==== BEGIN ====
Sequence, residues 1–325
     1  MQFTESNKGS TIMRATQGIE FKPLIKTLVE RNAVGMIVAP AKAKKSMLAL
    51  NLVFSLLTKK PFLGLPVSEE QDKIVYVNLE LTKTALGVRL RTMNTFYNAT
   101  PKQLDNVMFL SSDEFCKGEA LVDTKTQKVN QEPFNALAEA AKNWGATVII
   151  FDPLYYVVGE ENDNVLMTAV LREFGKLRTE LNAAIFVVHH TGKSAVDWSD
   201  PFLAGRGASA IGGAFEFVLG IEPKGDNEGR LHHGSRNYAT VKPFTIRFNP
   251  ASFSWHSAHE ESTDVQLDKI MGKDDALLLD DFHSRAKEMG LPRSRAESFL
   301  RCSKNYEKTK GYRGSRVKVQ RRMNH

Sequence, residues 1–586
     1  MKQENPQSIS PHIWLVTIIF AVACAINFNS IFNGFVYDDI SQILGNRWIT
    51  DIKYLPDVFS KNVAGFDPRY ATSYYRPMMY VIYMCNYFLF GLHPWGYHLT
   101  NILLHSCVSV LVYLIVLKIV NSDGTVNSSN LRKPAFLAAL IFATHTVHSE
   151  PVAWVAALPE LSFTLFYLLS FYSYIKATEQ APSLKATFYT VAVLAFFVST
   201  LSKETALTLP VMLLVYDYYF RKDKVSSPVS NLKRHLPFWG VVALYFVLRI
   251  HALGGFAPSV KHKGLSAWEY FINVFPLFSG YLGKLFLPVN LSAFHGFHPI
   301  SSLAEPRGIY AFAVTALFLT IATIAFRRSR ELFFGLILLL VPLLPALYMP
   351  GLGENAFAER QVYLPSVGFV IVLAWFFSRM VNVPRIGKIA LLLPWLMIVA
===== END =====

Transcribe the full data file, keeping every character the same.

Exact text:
Sequence, residues 1–325
     1  MQFTESNKGS TIMRATQGIE FKPLIKTLVE RNAVGMIVAP AKAKKSMLAL
    51  NLVFSLLTKK PFLGLPVSEE QDKIVYVNLE LTKTALGVRL RTMNTFYNAT
   101  PKQLDNVMFL SSDEFCKGEA LVDTKTQKVN QEPFNALAEA AKNWGATVII
   151  FDPLYYVVGE ENDNVLMTAV LREFGKLRTE LNAAIFVVHH TGKSAVDWSD
   201  PFLAGRGASA IGGAFEFVLG IEPKGDNEGR LHHGSRNYAT VKPFTIRFNP
   251  ASFSWHSAHE ESTDVQLDKI MGKDDALLLD DFHSRAKEMG LPRSRAESFL
   301  RCSKNYEKTK GYRGSRVKVQ RRMNH

Sequence, residues 1–586
     1  MKQENPQSIS PHIWLVTIIF AVACAINFNS IFNGFVYDDI SQILGNRWIT
    51  DIKYLPDVFS KNVAGFDPRY ATSYYRPMMY VIYMCNYFLF GLHPWGYHLT
   101  NILLHSCVSV LVYLIVLKIV NSDGTVNSSN LRKPAFLAAL IFATHTVHSE
   151  PVAWVAALPE LSFTLFYLLS FYSYIKATEQ APSLKATFYT VAVLAFFVST
   201  LSKETALTLP VMLLVYDYYF RKDKVSSPVS NLKRHLPFWG VVALYFVLRI
   251  HALGGFAPSV KHKGLSAWEY FINVFPLFSG YLGKLFLPVN LSAFHGFHPI
   301  SSLAEPRGIY AFAVTALFLT IATIAFRRSR ELFFGLILLL VPLLPALYMP
   351  GLGENAFAER QVYLPSVGFV IVLAWFFSRM VNVPRIGKIA LLLPWLMIVA